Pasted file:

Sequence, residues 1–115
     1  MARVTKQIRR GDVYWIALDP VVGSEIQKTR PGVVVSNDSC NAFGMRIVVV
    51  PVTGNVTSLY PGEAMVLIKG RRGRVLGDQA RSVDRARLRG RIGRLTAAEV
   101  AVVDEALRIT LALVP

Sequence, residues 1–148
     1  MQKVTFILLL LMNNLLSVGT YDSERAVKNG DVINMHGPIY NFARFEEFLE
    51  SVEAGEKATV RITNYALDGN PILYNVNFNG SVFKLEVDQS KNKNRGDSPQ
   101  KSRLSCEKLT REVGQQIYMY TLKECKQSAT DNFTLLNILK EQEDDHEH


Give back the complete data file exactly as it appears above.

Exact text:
Sequence, residues 1–115
     1  MARVTKQIRR GDVYWIALDP VVGSEIQKTR PGVVVSNDSC NAFGMRIVVV
    51  PVTGNVTSLY PGEAMVLIKG RRGRVLGDQA RSVDRARLRG RIGRLTAAEV
   101  AVVDEALRIT LALVP

Sequence, residues 1–148
     1  MQKVTFILLL LMNNLLSVGT YDSERAVKNG DVINMHGPIY NFARFEEFLE
    51  SVEAGEKATV RITNYALDGN PILYNVNFNG SVFKLEVDQS KNKNRGDSPQ
   101  KSRLSCEKLT REVGQQIYMY TLKECKQSAT DNFTLLNILK EQEDDHEH